United States District Court, D. Oregon, Portland Division
SHALON E. DITTLER, Plaintiff,
NANCY A. BERRYHILL, Acting Commissioner of Social Security, Defendant.
OPINION AND ORDER
E. Jones Senior Judge United States District Court.
Shalon Dittler appeals the Commissioner's decision
denying her application for disability insurance benefits
under Title II of the Social Security Act. The court has
jurisdiction under 42 U.S.C. § 405(g). I AFFIRM the
filed a previous claim alleging disability due to migraines,
asthma, and depression. Admin. R. 234. In a decision dated
January 22, 2013, the Commissioner determined that Dittler
was not disabled at any time up to and including that date.
Admin. R. 96. In her present claim, Dittler alleges she
became disabled on January 23, 2013, the day after the
previous determination that she was not disabled. Admin. R.
16, 35. She alleges disability due to an increase in the
severity of the impairments alleged in her previous claim.
Admin. R. 16-17, 234. Dittler's insured status under the
Social Security Act expired on December 31, 2016. Admin. R.
16. She must establish that she became disabled on or before
that date to prevail on her claim. 42 U.S.C. §
423(a)(1)(A). Tidwell v. Apfel, 161 F.3d 599, 601
(9th Cir. 1998). Accordingly, the relevant period for the
claim now on appeal runs from January 22, 2013 through
December 31, 2016.
applied the five-step disability determination process
described in 20 C.F, R. § 404.1520. See Bowen v.
Yuckert, 482 U.S. 137, 140(1987). Admin. R. 19-25. The
ALJ found that, during the relevant period, Dittler's
ability to perform basic work activities was limited by
asthma, migraines, depression, and PTSD. Admin. R. 19. She
found that, despite these impairments, Dittler retained the
residual functional capacity ("RFC") to perform
work requiring light exertion with limited postural
activities such as crouching, stooping, climbing and so
forth, limited exposure to respiratory irritants, and no
exposure to extreme cold, loud noise, or workplace hazards.
The ALJ found Dittler retained the capacity to perform tasks
and work with instructions consistent with unskilled and
entry level semiskilled jobs. Admin, R. 20.
vocational expert ("VE") testified that a person
with Dittler's vocational, factors and RFC could perform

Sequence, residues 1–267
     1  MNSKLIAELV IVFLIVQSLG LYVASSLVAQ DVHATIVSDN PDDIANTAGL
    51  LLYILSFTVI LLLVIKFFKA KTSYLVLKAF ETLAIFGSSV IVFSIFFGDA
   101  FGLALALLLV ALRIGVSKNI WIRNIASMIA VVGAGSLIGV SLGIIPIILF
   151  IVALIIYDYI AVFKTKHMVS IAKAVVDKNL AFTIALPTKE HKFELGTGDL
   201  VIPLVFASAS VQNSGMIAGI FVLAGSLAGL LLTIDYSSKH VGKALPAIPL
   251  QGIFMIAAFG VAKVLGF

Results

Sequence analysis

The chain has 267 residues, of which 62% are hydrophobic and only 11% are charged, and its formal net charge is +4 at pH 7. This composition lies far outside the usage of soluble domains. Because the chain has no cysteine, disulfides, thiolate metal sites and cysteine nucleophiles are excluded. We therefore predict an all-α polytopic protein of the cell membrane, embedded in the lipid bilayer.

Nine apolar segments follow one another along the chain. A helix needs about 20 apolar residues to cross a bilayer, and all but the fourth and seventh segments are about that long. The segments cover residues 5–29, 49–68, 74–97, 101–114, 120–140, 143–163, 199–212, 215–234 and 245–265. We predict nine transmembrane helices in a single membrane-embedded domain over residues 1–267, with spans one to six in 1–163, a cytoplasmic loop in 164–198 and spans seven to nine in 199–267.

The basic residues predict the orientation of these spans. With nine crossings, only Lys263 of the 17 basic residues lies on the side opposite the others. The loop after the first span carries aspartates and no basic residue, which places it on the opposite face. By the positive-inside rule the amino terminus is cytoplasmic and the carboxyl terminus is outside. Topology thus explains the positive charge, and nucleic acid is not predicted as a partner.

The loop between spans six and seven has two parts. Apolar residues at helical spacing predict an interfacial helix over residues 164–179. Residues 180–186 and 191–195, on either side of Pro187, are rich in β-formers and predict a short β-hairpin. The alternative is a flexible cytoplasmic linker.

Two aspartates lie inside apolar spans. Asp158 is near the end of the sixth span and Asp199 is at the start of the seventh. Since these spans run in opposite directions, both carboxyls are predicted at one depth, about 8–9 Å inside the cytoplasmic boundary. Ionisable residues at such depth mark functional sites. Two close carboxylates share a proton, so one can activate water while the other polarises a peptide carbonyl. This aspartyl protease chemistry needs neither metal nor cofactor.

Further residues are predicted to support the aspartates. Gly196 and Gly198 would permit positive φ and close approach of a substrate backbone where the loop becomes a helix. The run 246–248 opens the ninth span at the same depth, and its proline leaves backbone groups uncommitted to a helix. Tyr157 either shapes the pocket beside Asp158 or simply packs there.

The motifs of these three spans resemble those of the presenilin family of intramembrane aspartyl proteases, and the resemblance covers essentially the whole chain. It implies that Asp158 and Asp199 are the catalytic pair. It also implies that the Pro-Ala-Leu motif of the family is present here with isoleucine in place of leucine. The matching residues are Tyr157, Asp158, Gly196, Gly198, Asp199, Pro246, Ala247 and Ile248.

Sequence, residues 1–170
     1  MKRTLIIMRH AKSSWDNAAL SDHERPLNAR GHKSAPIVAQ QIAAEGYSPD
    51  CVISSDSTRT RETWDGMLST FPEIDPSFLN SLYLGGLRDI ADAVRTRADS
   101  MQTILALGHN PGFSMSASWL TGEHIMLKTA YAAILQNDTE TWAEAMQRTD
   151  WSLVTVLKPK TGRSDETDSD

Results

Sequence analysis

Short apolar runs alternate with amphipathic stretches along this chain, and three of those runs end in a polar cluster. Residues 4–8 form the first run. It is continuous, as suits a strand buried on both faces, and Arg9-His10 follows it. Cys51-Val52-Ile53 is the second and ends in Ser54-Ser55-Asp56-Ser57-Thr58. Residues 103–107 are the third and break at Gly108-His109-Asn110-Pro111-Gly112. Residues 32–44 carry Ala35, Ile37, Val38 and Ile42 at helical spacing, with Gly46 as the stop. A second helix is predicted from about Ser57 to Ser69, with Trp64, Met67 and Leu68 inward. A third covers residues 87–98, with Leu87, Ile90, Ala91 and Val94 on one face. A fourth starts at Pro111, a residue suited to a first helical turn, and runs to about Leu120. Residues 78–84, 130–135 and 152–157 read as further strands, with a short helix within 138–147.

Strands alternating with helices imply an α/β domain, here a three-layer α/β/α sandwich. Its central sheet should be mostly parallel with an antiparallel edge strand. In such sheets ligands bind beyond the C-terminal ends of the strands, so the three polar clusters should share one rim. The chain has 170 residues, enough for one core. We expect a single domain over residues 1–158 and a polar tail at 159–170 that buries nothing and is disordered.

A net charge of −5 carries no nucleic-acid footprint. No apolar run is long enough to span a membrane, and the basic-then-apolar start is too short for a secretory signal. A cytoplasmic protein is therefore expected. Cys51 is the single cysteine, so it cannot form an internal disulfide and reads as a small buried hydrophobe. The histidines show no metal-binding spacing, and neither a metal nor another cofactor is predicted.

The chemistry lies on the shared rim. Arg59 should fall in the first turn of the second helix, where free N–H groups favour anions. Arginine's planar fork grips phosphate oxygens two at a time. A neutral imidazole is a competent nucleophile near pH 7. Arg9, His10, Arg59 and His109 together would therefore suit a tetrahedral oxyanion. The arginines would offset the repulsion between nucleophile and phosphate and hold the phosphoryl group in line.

the activities required for a number of light, entry level
occupations, such as sales clerk, gate guard, and merchandise
marker, which together represent over one million jobs in the
national economy. Admin. R. 24-25, 71 -72. The ALJ concluded
that Dittler had not shown she was disabled within the
meaning of the Social Security Act during the period that is
relevant for her claim. Admin. R. 25.
district court must affirm the Commissioner's decision if
it is based on proper legal standards and the findings of
fact are supported by substantial evidence in the record as a
whole. 42 U.S.C. § 405(g); Batson v. Comm'r of
Soc. Sec. Admin., 359 F.3d 1190, 1193 (9th Cir. 2004).
Substantial evidence need riot be a preponderance; it is such
relevant evidence that a reasonable person might accept as
adequate to support a conclusion. Robbins v. Soc. Sec.
Admin., 466 F.3d 880, 882 (9th Cir. 2006). The
Commissioner's factual findings must be upheld if
supported by inferences reasonably drawn from the record,
even if another rational interpretation is also supported.
Batson, 359 F.3d at 1193; Andrews v.
Shalala, 53 F.3d 1035, 1039-40 (9th Cir. 1995).
plaintiff bears the burden of showing that the ALJ erred and
that any error was harmful. McLeod v. Astrue, 640
F.3d 881, 886-87 (9th Cir. 2011). Dirtier contends the ALJ
erroneously discounted the opinion of her treating physician,
Daniel Constien, M.D., and failed to give proper weight to a
rating decision by the Department of Veterans Affairs
further background, the record reflects that Dirtier began to
exp erience migraines in about 2006 and that her symptoms
have been consistent since 2007. Admin. R. 86-87, 310. Dr.
Constien has been Dittler's family physician since 2007
and has treated her for migraines with medications, including
Maxalt, Reglan, Motrin, and Vicodin. Admin. R. 21, 86-87,
previous ALJ found no record of urgent care treatment for
migraine symptoms and no provider had observed Dirtier while
she experienced migraine symptoms; the evidence supporting a
migraine condition during the previous claim consisted
primarily of Dittler's subjective statements. Admin. R.
87. The previous ALJ found that Dittler's migraines were
not disabling at any time up to the date of the previous
decision, January 22, 2013. Admin. R. 86-87, 96. That
decision created a presumption of continuing nondisability
which Dittler must overcome by demonstrating a material
change in circumstances after that decision. Chavez v.
Bowen, 844 F.2d 691, 693 (9th Cir. 1988).
has not shown a material change in her migraine symptoms. As
in the previous claim, no provider has observed her
experiencing a migraine and she has not required urgent care
for migraine symptoms since the previous decision. She has
not reported an increase in the severity or frequency of her
migraine symptoms since the previous decision. Admin. R. 21,
398-399, 436, 470, 483. Indeed, in ...